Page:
Why So Many Product Innovation Efforts Fail to Achieve Their Objectives
“We lack a focused, cohesive vision for our company. We want to do everything and be everything — to everyone. We’ve known this for years, talk about it incessantly, but do nothing to fundamentally address it. We are scared to be left out. We are reactive instead of charting an unwavering course. We are separated into silos that far too frequently don’t talk to each other. And when we do talk, it isn’t to collaborate on a clearly focused strategy, but rather to argue and fight about ownership, strategies and tactics. … I’ve heard our strategy described as spreading peanut butter across the myriad opportunities that continue to evolve in the online world. The result: a thin layer of investment spread across everything we do and thus we focus on nothing in particular.”
– Brad Garlinghouse, SVP at Yahoo! in a November 2006 internal memo leaked to the Wall Street Journal and later dubbed “The Peanut Butter Manifesto” (*)
“50% of all advertising is useless. We just don’t know which 50%.”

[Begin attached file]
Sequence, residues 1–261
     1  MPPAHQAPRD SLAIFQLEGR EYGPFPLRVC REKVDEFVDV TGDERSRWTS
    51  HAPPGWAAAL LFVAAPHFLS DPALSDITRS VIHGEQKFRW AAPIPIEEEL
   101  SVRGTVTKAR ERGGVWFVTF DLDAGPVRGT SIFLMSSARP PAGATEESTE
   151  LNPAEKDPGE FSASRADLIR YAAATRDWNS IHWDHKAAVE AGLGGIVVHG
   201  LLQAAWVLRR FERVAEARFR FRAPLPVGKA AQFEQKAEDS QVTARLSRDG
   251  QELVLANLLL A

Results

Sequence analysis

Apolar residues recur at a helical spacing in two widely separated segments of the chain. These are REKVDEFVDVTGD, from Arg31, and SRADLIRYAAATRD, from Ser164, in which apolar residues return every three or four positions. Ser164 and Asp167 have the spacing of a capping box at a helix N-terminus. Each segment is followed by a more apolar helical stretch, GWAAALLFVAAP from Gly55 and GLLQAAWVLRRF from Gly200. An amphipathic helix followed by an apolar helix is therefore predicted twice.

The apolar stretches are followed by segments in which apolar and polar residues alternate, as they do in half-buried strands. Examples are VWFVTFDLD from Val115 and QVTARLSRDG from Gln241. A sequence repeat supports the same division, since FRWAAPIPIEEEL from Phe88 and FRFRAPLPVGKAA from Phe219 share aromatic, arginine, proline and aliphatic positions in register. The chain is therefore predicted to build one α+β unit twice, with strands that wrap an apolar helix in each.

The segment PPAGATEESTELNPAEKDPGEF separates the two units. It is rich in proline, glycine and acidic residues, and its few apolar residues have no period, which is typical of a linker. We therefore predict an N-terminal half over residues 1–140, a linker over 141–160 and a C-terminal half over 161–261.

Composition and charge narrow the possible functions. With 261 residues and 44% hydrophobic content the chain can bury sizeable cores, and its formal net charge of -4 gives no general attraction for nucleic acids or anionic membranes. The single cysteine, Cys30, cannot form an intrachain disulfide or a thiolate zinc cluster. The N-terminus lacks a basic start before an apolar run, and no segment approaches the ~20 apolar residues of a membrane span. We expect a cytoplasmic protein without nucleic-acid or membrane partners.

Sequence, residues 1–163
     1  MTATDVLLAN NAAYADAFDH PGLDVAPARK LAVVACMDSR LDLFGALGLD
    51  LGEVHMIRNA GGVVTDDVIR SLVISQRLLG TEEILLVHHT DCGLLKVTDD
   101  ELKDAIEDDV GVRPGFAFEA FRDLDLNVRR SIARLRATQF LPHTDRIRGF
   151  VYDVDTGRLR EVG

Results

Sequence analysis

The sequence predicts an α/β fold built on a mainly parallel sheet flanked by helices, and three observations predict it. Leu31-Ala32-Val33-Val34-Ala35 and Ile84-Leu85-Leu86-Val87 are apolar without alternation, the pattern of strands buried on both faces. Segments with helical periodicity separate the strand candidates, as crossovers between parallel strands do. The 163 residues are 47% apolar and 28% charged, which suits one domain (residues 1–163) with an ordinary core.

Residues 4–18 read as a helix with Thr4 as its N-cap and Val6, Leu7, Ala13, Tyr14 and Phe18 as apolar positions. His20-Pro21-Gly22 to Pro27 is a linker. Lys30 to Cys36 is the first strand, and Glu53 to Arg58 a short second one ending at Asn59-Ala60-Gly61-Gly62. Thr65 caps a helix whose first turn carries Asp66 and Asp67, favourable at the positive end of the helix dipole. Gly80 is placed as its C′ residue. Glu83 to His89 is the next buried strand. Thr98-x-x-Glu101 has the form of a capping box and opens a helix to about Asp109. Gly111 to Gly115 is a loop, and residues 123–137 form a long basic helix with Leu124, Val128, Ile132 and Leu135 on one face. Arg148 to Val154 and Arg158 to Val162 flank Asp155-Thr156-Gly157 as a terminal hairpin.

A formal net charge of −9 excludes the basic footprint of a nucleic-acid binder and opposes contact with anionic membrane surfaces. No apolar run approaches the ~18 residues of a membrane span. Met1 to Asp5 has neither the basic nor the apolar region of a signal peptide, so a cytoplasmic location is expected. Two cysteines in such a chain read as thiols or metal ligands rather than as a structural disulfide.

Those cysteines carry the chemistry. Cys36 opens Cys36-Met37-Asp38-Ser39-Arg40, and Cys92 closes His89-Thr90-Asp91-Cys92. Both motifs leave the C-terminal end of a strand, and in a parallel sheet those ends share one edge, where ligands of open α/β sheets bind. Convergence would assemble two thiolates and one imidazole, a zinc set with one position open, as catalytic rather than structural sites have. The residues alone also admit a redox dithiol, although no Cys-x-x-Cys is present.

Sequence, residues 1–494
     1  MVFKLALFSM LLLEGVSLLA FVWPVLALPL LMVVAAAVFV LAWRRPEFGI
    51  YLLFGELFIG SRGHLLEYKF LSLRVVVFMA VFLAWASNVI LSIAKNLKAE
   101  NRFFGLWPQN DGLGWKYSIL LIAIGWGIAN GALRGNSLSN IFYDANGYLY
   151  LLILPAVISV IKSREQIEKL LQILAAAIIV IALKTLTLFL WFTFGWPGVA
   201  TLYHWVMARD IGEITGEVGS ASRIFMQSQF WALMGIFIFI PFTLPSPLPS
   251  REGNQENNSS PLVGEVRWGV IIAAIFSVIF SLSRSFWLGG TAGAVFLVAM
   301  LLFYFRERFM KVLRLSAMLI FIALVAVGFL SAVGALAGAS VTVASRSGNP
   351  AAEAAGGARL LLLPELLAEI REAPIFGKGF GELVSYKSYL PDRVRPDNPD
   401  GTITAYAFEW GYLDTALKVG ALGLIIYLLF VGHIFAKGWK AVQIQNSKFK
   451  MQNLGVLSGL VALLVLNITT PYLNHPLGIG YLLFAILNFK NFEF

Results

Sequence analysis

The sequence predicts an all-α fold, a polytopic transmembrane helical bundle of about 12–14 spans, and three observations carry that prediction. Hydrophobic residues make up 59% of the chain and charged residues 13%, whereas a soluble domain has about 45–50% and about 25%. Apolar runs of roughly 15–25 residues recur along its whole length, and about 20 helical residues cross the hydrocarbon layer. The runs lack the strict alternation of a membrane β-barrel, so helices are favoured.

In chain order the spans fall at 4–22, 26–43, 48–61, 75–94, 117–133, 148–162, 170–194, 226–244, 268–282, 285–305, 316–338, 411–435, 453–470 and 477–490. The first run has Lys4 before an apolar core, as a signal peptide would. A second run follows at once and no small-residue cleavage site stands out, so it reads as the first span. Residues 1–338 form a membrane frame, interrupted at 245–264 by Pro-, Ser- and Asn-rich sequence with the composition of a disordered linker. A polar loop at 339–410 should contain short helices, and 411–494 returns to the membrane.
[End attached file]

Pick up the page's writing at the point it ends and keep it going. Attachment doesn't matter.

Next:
– David Ogilvy, legendary advertising executive and co-founder of Ogilvy and Mather
Product innovation is both a mantra and a mystical term. It is supposed to occur in one main organization – R&D, or Engineering – but also occurs in subsidiary areas such as product management, product marketing, professional services, outsourced/offshore developers, external partners, and sometimes even in internal end-user departments such as finance, legal, marketing, sales, or support. Unfortunately, the overall track record for innovation efforts in most tech companies is a spotty one, with horror stories everywhere of failed or failing efforts among the many development projects that do end in helping each company succeed.